Distressed Mood Index
We are currently at an important juncture for AmalgaMood’s Mood Index. Due to its distressed nature, it merits very close attention over the coming weeks as it could invert to positive, signaling a window of opportunity to re-enter the global equity markets. Conversely, if the Mood Index continues to trend down from already distressed levels, the current global equity prices, many of which are near their 52-week highs, will not be sustained. Either way, the sideways equity price consolidation is not sustainable.
The trend of the Mood Index has been down since February 25, 2011. Since that time the S&P 500 index has essentially treaded water, as seen in the chart below:
Using data from daily closes, the S&P 500 index has at most fallen 4.8% from February 25, 2011 and risen 3.3%. In other words, the stock market has essentially moved in a sideways movement since the Mood Index began trending down. As of the close on July 8, 2011, the stock market was 1.8% above the February 25, 2011 close.
To this point, inversions of the Mood Index have timed important transitions of the stock market very well. In fact, investors following the Mood Index would have stayed out of the entire 2007 – 09 bear market and re-entered very near the actual stock market low. Mood Index inversion signals are superimposed on the S&P 500 index in the following chart:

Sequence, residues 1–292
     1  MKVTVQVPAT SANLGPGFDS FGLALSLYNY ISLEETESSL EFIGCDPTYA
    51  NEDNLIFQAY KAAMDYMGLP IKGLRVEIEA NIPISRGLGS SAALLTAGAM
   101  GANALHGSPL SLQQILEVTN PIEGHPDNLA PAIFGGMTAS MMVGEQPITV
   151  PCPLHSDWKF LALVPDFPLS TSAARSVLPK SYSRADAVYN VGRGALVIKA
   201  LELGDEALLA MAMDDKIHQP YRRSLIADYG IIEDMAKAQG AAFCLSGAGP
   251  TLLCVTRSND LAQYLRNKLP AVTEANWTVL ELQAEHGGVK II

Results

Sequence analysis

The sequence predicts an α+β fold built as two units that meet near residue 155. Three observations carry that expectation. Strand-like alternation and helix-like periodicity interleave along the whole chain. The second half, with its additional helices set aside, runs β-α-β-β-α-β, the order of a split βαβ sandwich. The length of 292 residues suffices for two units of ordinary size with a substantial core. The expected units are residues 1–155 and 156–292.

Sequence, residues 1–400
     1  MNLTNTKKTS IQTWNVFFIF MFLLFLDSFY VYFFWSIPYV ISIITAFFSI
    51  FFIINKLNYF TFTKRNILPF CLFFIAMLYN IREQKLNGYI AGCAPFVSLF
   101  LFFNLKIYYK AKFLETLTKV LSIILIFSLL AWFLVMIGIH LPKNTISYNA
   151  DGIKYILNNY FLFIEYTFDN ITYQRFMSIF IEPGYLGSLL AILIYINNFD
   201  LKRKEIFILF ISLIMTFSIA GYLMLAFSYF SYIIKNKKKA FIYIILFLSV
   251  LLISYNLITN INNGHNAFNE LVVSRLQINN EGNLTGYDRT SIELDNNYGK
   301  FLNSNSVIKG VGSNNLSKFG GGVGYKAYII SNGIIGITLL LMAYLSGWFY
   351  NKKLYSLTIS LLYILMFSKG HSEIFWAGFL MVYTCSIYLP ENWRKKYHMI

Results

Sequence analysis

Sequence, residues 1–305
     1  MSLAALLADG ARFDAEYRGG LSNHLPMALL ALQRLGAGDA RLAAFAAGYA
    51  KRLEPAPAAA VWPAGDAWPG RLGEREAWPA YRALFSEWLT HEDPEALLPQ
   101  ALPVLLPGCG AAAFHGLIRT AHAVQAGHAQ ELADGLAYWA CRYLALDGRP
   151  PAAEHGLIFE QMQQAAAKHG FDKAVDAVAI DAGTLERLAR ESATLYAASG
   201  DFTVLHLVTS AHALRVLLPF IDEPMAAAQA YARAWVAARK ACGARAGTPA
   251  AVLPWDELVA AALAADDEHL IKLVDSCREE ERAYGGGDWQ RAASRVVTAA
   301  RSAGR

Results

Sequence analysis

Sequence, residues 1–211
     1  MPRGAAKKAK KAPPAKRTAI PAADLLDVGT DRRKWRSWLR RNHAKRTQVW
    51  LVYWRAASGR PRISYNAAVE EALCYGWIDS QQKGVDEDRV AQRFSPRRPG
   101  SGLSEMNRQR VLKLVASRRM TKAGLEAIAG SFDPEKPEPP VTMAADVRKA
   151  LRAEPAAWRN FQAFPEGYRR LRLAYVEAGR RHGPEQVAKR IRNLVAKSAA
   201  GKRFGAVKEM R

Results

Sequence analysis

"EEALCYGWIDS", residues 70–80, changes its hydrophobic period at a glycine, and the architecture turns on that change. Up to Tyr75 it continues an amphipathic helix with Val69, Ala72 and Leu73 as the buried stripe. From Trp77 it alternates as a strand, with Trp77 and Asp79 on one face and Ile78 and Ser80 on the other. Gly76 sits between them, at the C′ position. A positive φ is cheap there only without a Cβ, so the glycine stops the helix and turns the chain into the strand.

The inversion signals highlighted important transitions for the stock market. For instance, just prior to the beginning of the 2007 – 09 bear market, the AmalgaMood Mood Index warned of a potentially dangerous turn. Then, soon after the actual low in March 2009, it signaled the potential for a rally due to improving social mood. The most recent inversion signal would have kept investors out of the stock market during the difficult sideways market. For more aggressive investors, they could have taken this negative inversion signal as an opportunity to short the market.
After more than four months of trending down, there are signals of a potential upward turn. Using historical inversions as examples, we can see that four months would be relatively short in terms of duration. The previous positive Mood Index trend, which lasted from late September 2010 to late February 2011, lasted just over five months. Judging from its duration a conceivable inversion is on its way.
However, previous negative Mood Index trends lasted for much longer periods — averaging over a year for the negative trends beginning in mid-2007 and late-2009. This would place a potential positive Mood Index inversion in 2012.
An additional sign that an inversion could be coming soon is the depressed nature of the Mood Index. When broken down by region, Europe’s Mood Index is approaching levels not seen since the March 2009 low – as the global stock markets were making their stock bear market low. It would not require much from such depressed levels for a positive inversion.
The current situation is a bit unusual in the sense that the Mood Index has been deteriorating for a good amount of time, has reached distressed levels, BUT the global stock markets are still very strong. Many global markets are in fact extremely close to their respective 52-week highs. The next move of the global stock markets, considering this significant divergence between Mood and price, could be dramatic.
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